Article | Published:

Conformation-based signal transfer and processing at the single-molecule level

Nature Nanotechnology volume 12, pages 10711076 (2017) | Download Citation

Abstract

Building electronic components made of individual molecules is a promising strategy for the miniaturization and integration of electronic devices. However, the practical realization of molecular devices and circuits for signal transmission and processing at room temperature has proven challenging. Here, we present room-temperature intermolecular signal transfer and processing using SnCl2Pc molecules on a Cu(100) surface. The in-plane orientations of the molecules are effectively coupled via intermolecular interaction and serve as the information carrier. In the coupled molecular arrays, the signal can be transferred from one molecule to another in the in-plane direction along predesigned routes and processed to realize logical operations. These phenomena enable the use of molecules displaying intrinsic bistable states as complex molecular devices and circuits with novel functions.

Access optionsAccess options

Rent or Buy article

Get time limited or full article access on ReadCube.

from$8.99

All prices are NET prices.

References

  1. 1.

    & Positioning single atoms with a scanning tunnelling microscope. Nature 344, 524–526 (1990).

  2. 2.

    Nanoelectromechanical systems. Science 290, 1532–1535 (2000).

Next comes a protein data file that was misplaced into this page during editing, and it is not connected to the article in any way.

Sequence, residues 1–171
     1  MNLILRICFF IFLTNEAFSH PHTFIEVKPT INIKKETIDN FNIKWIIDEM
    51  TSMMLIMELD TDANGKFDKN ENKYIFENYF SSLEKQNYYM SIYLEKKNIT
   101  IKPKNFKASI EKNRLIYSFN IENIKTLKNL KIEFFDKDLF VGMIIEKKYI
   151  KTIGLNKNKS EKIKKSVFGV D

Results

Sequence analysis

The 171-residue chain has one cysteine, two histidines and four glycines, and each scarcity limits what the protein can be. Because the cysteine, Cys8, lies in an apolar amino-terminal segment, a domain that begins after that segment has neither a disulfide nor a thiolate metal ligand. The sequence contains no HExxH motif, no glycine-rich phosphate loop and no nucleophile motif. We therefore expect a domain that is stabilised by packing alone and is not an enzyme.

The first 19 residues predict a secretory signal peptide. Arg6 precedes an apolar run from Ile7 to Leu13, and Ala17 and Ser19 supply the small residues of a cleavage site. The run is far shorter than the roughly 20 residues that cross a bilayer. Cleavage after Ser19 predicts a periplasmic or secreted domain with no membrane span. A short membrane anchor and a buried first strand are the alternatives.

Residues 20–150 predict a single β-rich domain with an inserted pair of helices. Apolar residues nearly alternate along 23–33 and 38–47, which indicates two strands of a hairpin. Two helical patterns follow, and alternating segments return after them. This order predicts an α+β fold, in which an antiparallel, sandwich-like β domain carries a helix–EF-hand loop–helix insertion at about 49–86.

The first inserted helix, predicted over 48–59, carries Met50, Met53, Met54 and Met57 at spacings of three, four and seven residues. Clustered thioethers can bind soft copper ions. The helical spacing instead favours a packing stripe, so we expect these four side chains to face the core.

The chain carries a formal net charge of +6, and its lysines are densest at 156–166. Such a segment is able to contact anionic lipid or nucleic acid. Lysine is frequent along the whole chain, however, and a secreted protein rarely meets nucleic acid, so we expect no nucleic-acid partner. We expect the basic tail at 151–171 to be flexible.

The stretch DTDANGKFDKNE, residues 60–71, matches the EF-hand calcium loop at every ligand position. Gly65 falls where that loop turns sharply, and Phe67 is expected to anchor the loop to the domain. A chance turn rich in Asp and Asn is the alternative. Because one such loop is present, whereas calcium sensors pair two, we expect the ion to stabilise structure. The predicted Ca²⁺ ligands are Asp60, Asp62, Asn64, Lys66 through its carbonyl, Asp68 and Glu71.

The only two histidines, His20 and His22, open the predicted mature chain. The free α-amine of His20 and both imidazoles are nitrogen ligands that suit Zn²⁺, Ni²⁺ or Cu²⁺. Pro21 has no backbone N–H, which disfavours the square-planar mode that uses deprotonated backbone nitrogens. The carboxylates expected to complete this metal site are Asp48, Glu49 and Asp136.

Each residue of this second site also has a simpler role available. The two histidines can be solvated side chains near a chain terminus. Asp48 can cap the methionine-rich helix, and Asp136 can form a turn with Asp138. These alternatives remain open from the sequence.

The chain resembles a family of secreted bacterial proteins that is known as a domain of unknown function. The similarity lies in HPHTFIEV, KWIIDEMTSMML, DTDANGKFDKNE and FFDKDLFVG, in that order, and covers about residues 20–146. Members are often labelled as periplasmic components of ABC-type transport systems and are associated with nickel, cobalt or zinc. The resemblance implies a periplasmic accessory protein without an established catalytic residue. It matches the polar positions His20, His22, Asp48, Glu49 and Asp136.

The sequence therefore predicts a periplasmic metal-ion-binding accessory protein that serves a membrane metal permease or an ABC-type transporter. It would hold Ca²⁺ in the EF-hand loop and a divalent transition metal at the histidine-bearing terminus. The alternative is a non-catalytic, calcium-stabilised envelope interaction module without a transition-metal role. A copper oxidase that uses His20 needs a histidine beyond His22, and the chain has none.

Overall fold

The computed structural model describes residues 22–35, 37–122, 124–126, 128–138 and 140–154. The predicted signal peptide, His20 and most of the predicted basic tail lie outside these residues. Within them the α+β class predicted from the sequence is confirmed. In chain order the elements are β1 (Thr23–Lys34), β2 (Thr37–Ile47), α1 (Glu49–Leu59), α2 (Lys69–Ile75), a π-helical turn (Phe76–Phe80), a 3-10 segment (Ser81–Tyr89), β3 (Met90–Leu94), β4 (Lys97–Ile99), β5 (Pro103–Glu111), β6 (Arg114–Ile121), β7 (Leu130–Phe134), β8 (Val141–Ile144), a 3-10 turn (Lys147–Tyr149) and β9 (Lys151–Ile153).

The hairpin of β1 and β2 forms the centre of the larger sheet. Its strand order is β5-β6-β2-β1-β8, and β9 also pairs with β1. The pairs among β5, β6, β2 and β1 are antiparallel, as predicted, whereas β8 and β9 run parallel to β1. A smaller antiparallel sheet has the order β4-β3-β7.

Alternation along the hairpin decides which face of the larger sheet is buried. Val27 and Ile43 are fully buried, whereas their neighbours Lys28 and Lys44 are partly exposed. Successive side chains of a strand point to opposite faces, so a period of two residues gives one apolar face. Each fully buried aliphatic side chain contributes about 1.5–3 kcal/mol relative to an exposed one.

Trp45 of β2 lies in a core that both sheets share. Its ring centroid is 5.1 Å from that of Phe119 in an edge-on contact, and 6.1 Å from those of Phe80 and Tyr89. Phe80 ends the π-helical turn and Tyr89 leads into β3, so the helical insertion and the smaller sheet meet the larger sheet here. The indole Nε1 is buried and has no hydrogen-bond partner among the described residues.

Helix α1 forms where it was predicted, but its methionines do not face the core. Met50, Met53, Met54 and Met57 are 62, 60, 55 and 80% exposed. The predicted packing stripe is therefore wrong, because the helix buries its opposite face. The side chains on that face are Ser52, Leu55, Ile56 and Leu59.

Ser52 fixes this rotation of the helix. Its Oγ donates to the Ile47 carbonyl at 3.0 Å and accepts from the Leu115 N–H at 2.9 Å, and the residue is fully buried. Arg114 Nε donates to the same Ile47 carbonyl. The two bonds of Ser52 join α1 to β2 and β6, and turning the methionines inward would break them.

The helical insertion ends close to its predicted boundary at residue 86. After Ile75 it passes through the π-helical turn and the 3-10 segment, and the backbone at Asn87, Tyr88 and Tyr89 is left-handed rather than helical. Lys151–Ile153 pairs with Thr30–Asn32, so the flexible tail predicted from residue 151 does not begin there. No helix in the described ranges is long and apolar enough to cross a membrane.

3. 3.

    , , & Are single molecular wires conducting? Science 271, 1705–1707 (1996).

  4. 4.

    et al. Unidirectional molecular motor on a gold surface. Nature 437, 1337–1340 (2005).

  5. 5.

    et al. A current-driven single-atom memory. Nat. Nanotech. 8, 645–648 (2013).

  6. 6.

    et al. Single-molecule electronics: from chemical design to functional devices. Chem. Soc. Rev. 43, 7378–7411 (2014).

  7. 7.

    & Electron transport in molecular wire junctions. Science 300, 1384–1389 (2003).

  8. 8.

    & Single-molecule junctions beyond electronic transport. Nat. Nanotech. 8, 399–410 (2013).

  9. 9.

    et al. Nano-architectures by covalent assembly of molecular building blocks. Nat. Nanotech. 2, 687–691 (2007).

  10. 10.

    , , , & Room temperature negative differential resistance through individual organic molecules on silicon surfaces. Nano Lett. 4, 55–59 (2004).

  11. 11.

    , & Current-induced hydrogen tautomerization and conductance switching of naphthalocyanine molecules. Science 317, 1203–1206 (2007).

  12. 12.

    et al. A bond-fluctuation mechanism for stochastic switching in wired molecules. Science 300, 1413–1416 (2003).

  13. 13.

    et al. Simultaneous and coordinated rotational switching of all molecular rotors in a network. Nat. Nanotech. 11, 706–712 (2016).

  14. 14.

    et al. Electrically driven directional motion of a four-wheeled molecule on a metal surface. Nature 479, 208–211 (2011).

  15. 15.

    , , , & Bistability in atomic-scale antiferromagnets. Science 335, 196–199 (2012).

  16. 16.

    et al. A kilobyte rewritable atomic memory. Nat. Nanotech. 11, 926–929 (2016).

  17. 17.

    & Synthesis of amphiphilic conjugated diblock oligomers as molecular diodes. Angew. Chem. Int. Ed. 41, 3598–3601 (2002).

  18. 18.

    There's plenty of room at the bottom. Eng. Sci. 23, 22–36 (1960).

  19. 19.

    , , & Pushing and pulling a Sn ion through an adsorbed phthalocyanine molecule. J. Am. Chem. Soc. 131, 3639–3643 (2009).

  20. 20.

    et al. Positioning and switching phthalocyanine molecules on a Cu(100) surface at room temperature. ACS Nano 8, 12734–12740 (2014).

  21. 21.

    et al. Switching molecular orientation of individual fullerene at room temperature. Sci. Rep. 3, 3062 (2013).

  22. 22.

    & Spin-transition polymers: from molecular materials toward memory devices. Science 279, 44–48 (1998).